Instagram has launched a tool that will let advertisers pay to make influencer posts appear as ads in order that they reach a much bigger audience.
Until recently, brands that paid influencers to post sponsored videos or pictures on their Instagram profiles have had their reach limited to that particular influencer’s following on the platform.
Now, posts uploaded by creators using Instagram’s ‘paid partnership’ tool (which signposts when content has been paid for) will also feature a toggle that claims ‘allow my business partner to boost’. The feature will provide the brand in question an opportunity to appear within the feeds and Stories of a wider audience, even if they don’t follow the social media star.
Dubbed ‘branded content ads’, Instagram said the addition of the tool was one of the top requests it had received from businesses.
“We hope this update will add worth by strengthening the collaboration between businesses and creators. We additionally hope to enhance the experience between creators, businesses and people – who will be able to discover more brands they may be interested in and shop with the creators they love,” it said.
Branded content ads will be available to 50th of businesses from today and 1000th from 17 June.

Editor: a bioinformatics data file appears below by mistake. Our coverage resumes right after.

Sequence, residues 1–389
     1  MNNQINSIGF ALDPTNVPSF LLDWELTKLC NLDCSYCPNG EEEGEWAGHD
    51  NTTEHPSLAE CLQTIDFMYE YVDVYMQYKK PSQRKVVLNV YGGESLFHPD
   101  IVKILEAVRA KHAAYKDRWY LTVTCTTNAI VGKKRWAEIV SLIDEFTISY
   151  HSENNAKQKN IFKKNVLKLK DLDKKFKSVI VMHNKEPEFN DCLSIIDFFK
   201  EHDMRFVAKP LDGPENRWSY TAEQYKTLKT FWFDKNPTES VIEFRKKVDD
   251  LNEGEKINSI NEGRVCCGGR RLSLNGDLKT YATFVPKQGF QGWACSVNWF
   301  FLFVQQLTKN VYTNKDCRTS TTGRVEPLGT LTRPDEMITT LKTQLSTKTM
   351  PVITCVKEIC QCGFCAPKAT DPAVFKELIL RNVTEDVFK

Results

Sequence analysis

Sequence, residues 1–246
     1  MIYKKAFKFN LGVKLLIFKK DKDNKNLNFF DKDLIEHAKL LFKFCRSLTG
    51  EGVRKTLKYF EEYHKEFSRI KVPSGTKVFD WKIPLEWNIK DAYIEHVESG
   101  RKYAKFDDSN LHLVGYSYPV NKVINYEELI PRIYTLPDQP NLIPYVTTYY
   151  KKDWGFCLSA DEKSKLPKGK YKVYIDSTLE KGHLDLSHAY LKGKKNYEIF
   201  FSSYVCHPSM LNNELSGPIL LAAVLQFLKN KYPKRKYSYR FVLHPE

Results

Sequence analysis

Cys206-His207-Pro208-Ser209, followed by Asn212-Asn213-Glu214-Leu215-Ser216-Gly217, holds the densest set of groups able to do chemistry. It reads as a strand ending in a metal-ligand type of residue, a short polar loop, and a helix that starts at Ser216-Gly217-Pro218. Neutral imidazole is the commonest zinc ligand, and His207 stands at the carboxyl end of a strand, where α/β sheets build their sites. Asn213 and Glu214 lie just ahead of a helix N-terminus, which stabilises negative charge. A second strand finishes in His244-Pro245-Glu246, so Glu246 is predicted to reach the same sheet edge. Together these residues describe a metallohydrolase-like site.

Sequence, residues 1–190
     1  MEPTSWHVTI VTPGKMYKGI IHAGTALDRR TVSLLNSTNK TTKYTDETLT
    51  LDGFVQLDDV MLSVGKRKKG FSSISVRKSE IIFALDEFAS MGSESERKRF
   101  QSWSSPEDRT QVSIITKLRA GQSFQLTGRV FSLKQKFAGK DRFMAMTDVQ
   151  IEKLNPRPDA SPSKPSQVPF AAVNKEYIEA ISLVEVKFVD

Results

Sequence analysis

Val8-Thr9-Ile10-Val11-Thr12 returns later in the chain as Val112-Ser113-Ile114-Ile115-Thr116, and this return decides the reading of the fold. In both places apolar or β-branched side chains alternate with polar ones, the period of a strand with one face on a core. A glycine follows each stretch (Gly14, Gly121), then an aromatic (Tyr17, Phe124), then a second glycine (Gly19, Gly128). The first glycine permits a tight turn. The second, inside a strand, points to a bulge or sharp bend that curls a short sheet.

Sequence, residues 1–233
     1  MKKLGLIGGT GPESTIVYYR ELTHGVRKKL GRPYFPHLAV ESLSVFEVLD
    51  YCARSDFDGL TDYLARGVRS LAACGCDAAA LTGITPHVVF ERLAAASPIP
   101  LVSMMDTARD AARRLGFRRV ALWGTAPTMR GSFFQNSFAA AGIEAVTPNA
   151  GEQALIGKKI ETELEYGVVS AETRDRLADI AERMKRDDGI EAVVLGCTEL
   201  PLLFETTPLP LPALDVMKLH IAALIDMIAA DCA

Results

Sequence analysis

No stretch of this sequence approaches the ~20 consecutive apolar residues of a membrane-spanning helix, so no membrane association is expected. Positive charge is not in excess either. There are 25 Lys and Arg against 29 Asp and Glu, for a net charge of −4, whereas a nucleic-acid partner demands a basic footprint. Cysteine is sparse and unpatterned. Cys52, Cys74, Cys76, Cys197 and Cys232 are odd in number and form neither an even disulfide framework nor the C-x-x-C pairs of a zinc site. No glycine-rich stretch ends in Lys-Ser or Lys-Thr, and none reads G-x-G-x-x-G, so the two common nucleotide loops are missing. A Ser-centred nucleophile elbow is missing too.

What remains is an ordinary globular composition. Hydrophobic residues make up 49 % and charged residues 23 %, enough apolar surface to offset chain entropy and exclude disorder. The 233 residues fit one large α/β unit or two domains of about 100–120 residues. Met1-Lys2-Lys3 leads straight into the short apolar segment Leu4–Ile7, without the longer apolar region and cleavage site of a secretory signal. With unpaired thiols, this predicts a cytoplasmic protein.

The play from Instagram will enable brands and creators to extend the reach of paid for posts and target them towards relevant audiences in a climate where brands are increasingly upping influencer budgets.
However, it also means that users will be seeing more #sponcon in their feeds, which could be a turn-off.
While, Instagram claims that, in the United Kingdom alone, 68 of people open the app to interact with influencers, a separate study from UM suggests trust in the area is low. Just 4th of a global panel of 56,000 people told UM that they trust information unfold by influencers online.
Though the Advertising Standards Authority (ASA) and the Competition and Markets Authority (CMA) have strict guidelines around how paid for posts should be signposted online, the latter revealed earlier this year that it had been forced to warn “hundreds” of creators for flouting the rules.